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Norman Teague, Designer and Educator, Says Chicago Is Unity …

Written by on February 21, 2020

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Norman Teague is a Chicago based designer and educator who focuses on projects and pedagogy that address the complexity of urbanism and the culture of communities.

Specializing in custom furniture that delivers a personal touch to a specific user and unique aesthetic detail, Teague’s past projects have included consumer products, public sculpture, performances, and specially designed retail spaces.

Working with common, locally-sourced building materials and local fabricators to create objects and spaces that explore simplicity, honesty and cleverness and relates to the culture of the client and/or community.

We sat down with Norman to discuss Chicago’s inequities, sharing knowledge, and the power of design …

 


 

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Where did you grow up in Chicago? Where do you live now?

I lived in Brownsville as a young child. Moved around to Roseland, South Shore. Settled in Englewood for quite some time, and then I lived in the white building on 71st. Most people from Chicago know exactly what I’m talking about. This is where I became a young man, my teenage years.

Now I live in South Shore, South East Side of Chicago. Both triumphs and challenges come with being a Chicagoan because in my early years I started to go downtown as a teenager and always saw the differences between my neighborhood and downtown. And I always felt like a lot of changes were happening throughout the North sides of Chicago and very few changes were happening on the South Side. So a lot of that has stuck with me, but it’s also influenced me in my practice as an artist and an architect to really show different ways of making the necessary changes.

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Tell us how you first became interested in design.

A lot of my work started with just a passion working in a wood shop. I thought I wanted to be an architect, so I studied architecture. I worked in architecture as a draftsman. Did about 10 years working in firms throughout Chicago and really saw that there wasn’t much of a life there for me. I would constantly be someone’s CAD monkey. Then I went back to college at Columbia, and I was introduced to the wood shop or for the first time. Being able to draw, come up with ideas and designs, and then turn those into tangible things immediately in the wood shop? Man, I was thrilled. I was absolutely thrilled. It was the start of something. Before I graduated from Columbia College I had my own woodshop and I started taking on projects and clients.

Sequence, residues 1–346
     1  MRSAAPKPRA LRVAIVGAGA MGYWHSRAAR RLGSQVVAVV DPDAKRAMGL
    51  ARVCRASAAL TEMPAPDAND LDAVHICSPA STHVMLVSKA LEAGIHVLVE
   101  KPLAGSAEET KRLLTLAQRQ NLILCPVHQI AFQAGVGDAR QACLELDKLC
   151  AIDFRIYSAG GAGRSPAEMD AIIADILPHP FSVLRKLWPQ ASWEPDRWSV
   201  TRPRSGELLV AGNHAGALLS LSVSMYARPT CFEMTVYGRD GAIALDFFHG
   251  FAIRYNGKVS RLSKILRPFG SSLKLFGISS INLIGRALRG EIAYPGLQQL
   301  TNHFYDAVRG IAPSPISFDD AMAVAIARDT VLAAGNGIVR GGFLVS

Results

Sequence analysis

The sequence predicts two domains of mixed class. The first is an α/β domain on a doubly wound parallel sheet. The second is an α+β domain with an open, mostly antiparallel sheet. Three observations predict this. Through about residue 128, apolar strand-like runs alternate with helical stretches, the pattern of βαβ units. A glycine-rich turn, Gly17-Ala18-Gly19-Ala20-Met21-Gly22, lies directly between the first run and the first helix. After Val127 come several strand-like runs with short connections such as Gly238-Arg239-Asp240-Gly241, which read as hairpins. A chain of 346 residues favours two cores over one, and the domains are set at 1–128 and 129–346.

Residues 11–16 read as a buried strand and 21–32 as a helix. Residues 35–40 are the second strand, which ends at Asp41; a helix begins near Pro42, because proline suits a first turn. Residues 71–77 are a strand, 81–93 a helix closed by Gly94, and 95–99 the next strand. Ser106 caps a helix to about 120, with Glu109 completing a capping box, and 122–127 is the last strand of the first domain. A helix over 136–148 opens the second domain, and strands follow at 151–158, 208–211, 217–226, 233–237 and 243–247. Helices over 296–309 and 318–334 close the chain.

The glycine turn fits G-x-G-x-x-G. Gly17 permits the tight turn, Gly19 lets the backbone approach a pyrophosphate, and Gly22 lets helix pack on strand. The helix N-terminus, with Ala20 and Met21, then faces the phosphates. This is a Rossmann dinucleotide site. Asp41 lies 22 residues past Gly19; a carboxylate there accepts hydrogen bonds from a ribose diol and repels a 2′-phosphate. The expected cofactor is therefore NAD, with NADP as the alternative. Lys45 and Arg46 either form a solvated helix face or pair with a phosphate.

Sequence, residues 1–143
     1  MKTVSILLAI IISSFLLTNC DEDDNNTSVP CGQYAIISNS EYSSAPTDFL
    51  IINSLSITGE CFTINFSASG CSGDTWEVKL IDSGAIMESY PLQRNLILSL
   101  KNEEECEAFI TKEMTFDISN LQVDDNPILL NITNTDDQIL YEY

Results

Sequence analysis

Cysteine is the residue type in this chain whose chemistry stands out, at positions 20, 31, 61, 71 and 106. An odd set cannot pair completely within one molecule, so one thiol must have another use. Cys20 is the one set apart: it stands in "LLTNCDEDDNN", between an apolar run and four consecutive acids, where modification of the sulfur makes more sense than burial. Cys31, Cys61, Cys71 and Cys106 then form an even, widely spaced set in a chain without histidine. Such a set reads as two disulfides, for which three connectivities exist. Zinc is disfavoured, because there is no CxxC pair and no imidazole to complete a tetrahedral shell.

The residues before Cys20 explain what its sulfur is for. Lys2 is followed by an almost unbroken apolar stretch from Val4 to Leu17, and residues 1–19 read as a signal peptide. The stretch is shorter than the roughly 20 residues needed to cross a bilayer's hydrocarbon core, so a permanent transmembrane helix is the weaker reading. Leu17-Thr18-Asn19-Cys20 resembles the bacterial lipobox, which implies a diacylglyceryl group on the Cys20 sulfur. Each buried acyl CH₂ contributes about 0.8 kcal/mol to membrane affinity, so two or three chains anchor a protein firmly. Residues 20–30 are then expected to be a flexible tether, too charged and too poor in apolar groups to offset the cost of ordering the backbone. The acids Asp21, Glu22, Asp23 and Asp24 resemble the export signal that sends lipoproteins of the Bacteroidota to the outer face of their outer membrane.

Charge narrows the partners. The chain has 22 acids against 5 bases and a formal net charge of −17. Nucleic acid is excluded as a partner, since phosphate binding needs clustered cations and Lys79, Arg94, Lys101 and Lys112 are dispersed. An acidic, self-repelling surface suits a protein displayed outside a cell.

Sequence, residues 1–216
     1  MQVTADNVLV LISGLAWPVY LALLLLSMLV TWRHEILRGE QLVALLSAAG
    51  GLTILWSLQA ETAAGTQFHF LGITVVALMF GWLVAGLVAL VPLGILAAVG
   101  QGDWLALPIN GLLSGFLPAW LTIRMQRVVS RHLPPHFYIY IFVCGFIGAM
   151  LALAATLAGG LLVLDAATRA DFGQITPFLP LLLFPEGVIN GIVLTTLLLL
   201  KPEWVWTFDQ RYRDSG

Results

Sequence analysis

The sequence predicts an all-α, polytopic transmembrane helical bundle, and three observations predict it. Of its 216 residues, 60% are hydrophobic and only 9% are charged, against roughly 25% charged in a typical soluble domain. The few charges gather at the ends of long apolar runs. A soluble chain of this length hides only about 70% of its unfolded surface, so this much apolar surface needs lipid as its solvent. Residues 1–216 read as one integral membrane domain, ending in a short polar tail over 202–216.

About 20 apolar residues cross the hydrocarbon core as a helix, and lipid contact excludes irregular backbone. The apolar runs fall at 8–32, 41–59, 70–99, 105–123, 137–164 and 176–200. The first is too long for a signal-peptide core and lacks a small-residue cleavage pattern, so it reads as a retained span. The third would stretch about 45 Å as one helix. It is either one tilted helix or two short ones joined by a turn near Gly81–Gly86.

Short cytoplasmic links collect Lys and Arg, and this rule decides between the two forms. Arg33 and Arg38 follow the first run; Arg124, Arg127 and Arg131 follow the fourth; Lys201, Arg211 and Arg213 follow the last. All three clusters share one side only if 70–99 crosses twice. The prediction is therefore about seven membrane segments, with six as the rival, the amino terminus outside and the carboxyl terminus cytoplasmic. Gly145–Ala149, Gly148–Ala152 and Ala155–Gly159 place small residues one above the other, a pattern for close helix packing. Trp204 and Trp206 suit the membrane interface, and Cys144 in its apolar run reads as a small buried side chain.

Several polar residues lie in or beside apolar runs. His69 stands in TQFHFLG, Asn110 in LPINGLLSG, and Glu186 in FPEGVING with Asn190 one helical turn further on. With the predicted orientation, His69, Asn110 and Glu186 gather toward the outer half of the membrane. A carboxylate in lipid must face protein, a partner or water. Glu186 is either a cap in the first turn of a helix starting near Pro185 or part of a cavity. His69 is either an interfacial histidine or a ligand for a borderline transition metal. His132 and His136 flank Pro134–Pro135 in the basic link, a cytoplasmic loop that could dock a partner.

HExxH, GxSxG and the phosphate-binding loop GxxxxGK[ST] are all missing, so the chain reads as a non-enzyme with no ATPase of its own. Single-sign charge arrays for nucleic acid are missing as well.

I got a shop over at 500 West Cermak. This is where I first met Faheem Majeed. Theaster Gates was a neighbor there. I met LDRS there, their first design, their first store. Chicago was really in this building. That’s where it really hit me when it came to freedom within my art and design practice. Where I really wanted to instill my narrative, due to the lack of my narrative in my work.

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What inspires your work now? 

There really has always been a stark difference between North and South, which meant to me, from an architecture and design standpoint, designers weren’t really paying attention to what I considered a problem. I felt like I had to give back.  Working with community members to come up with ideas, and really inserting them into their communities, for me, that was a teacher within itself. I get to learn from my community members, they get to take on my skill sets.

I’ve spent a lot of time educating. I taught at Roberto Clemente High School, big ups to them, always doing good stuff. Now I teach at University of Illinois at Chicago in the School of Design where I get to just work with young minds and I’m constantly learning on a regular basis. So it’s a fair exchange for me. That’s that’s where the community comes in.

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Have you noticed any new developments within the Chicago community?

I’m excited about the unity in Chicago. I really think that people have taken the reins to protest and stand up. We are giving the mic to young people again, which is really dope. I think the changes that we need to happen are definitely going to come from our our younger people. So I think Chicago is doing a really great job of pulling together, organizing and starting to do a lot of work around the things that truly need equity.

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Ultimately, what are you hoping to achieve through your work? What can people learn from design?

Personally I want to really help identify new ways to return on investment. I think that what we put into our communities and the muscle, the sweat and tears that we put into changing our communities, is really our return on investment. It’s truly how we give back and empower a new generation of people.

I think I want to familiarize people with what the power of design can do. Following the design process and literally sitting down with a room full of people and listening, and then taking that information and turning it around and regurgitating it in a way that fulfills a healthy and vibrant community.

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What Does Your Chicago Sound Like?

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Shot by Tom Gavin